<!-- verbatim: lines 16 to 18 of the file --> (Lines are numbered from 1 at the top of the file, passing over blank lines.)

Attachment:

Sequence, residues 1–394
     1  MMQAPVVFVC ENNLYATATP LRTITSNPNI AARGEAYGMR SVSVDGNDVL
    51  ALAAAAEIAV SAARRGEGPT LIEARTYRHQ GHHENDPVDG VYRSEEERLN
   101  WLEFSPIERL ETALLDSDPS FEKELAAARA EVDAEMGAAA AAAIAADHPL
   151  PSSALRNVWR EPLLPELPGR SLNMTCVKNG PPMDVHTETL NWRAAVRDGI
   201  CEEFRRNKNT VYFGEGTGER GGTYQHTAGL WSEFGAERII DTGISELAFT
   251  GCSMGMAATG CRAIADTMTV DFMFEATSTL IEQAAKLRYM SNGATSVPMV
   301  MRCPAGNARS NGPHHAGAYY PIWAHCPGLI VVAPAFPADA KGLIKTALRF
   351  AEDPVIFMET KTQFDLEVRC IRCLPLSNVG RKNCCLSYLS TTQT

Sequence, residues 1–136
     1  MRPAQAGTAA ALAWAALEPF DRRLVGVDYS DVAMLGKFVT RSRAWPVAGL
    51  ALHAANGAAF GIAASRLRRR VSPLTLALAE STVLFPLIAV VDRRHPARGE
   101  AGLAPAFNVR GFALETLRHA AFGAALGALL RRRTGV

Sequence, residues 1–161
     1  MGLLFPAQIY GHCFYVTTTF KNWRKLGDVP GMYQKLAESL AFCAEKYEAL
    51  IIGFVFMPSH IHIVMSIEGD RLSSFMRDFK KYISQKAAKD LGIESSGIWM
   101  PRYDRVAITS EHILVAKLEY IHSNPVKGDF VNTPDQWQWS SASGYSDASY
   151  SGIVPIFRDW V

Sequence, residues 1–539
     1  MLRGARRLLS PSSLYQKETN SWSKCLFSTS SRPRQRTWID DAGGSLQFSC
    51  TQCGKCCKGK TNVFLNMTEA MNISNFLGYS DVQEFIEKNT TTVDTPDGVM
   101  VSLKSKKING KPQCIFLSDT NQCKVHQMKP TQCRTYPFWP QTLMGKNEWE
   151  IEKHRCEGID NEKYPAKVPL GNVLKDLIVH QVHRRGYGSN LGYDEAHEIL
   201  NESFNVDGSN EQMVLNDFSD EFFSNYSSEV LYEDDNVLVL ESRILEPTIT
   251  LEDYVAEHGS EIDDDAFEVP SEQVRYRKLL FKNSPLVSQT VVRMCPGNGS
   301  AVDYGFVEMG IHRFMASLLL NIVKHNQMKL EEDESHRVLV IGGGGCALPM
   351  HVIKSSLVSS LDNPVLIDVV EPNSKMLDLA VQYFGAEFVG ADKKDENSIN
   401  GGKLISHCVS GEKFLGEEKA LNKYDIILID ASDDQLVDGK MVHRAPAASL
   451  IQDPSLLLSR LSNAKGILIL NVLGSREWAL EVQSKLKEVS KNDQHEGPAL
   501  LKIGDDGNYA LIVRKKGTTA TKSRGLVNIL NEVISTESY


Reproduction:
    51  IIGFVFMPSH IHIVMSIEGD RLSSFMRDFK KYISQKAAKD LGIESSGIWM
   101  PRYDRVAITS EHILVAKLEY IHSNPVKGDF VNTPDQWQWS SASGYSDASY
   151  SGIVPIFRDW V